Why does it seem people only want an audience for their one man or woman show and our admission is the disregard for anything we would have to say or think, given they know it all or have been through it all somehow.

I truly feel It’s like we are only there for applause or sing their praise.

Please Humanity, Stop Just Listening To Yourselves Talk, Take Notice Of Who You Engage In Conversation With.

By Thomas Porter

Thomas Porter

More Info on Equal Conversations Please

Thomas tries to keep to himself, but he notices that when other inmates approach him to talk, they only talk about themselves and do not listen to anything he has to say. Most of the time he has no interest in what they tell him, and he tries to wriggle out of it, but can’t always do that.

I tell him that this happens in the outside world too. You’re trying to have a conversation, but some people do not listen, they only make it about themselves.

talk too much

Example: your dog dies, and you’re heartbroken. You want to talk to someone you consider a friend or someone you feel you can talk to. You tell them, “My dog died, I miss him so much, this is so hard for me.” The response is “That reminds me when my dog died last year, I was devastated! Yesterday beautiful flowers grew on his grave, and you know, my dog used to do this and that. I … bla bla bla …”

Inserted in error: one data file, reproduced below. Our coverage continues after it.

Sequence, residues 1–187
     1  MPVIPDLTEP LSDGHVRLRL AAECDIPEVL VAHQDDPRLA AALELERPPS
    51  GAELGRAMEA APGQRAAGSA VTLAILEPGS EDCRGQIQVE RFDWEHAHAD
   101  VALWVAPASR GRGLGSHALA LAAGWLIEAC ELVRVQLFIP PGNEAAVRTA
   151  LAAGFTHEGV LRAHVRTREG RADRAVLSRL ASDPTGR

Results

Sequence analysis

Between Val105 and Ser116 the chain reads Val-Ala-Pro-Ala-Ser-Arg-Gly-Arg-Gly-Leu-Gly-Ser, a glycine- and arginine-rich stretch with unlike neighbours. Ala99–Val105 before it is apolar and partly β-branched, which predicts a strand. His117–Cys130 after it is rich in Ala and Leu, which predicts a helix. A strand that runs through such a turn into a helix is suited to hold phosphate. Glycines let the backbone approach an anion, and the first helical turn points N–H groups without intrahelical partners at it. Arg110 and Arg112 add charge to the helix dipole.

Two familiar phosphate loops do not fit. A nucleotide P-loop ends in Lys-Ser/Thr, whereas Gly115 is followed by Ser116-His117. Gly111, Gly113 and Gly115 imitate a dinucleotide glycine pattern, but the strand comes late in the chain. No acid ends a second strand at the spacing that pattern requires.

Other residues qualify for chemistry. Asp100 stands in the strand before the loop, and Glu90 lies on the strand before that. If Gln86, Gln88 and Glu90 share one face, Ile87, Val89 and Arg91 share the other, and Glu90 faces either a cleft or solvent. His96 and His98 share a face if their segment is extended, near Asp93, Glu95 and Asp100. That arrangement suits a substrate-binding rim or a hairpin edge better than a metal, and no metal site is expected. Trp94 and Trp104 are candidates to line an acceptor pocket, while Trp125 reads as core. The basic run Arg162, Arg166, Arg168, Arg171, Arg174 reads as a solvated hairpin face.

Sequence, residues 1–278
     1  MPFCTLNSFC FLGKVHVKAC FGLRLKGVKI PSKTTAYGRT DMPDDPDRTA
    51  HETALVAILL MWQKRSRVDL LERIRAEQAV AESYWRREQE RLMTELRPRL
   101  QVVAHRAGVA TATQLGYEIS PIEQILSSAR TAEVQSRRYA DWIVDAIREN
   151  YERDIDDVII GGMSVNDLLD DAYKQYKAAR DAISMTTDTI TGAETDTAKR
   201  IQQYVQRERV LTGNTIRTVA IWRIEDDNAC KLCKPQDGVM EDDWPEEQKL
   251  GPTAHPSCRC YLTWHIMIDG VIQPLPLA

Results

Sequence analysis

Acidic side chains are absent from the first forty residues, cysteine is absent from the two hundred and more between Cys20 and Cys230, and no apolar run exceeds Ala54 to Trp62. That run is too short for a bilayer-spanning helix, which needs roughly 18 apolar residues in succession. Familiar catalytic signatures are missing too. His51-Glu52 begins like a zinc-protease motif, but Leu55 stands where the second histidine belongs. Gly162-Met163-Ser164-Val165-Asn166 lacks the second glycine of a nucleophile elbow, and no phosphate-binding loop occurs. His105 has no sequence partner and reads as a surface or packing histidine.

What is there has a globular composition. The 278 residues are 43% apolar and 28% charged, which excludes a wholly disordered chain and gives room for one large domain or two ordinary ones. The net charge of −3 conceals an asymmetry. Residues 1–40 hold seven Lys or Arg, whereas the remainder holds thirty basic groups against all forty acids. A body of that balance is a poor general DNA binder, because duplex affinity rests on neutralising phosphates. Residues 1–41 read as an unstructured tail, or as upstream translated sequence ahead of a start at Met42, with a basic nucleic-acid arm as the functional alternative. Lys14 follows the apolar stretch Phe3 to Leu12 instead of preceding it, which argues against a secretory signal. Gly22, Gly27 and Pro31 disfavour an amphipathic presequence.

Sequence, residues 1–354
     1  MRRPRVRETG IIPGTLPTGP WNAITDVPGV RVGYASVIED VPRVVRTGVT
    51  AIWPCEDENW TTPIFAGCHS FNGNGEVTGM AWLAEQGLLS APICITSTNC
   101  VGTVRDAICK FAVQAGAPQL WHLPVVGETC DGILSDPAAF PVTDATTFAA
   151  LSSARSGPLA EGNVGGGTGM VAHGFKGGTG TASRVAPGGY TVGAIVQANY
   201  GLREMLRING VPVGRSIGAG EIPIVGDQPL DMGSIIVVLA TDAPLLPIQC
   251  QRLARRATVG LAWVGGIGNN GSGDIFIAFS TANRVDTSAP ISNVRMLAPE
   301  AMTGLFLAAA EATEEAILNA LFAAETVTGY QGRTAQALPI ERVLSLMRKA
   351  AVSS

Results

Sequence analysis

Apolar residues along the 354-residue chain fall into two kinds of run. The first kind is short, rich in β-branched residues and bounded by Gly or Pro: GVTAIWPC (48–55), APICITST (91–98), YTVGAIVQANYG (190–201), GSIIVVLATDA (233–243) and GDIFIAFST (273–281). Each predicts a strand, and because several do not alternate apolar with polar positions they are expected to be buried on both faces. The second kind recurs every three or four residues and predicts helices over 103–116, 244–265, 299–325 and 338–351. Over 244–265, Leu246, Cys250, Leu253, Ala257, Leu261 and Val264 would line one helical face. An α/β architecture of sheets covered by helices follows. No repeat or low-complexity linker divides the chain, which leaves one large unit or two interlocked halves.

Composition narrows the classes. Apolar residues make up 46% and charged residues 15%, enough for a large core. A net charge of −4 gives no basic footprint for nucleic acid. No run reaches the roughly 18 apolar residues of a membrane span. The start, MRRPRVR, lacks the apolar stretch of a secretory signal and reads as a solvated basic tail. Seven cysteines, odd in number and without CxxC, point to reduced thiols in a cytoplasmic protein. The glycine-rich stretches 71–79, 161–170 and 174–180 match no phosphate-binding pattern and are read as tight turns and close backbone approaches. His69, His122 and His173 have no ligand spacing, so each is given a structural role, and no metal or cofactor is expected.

And you sit there, listening to that person while still dealing with your own grief, but unable to express it, because everything you say or try to say is made about your “conversational” partner’s life.

Nowadays, conversations do not seem about listening anymore, but getting a word in about oneself, about me, me, me, and when you’re locked in with people like that, I guess it can be hard in the long term …

listen more

We cannot forget to listen when we have conversations.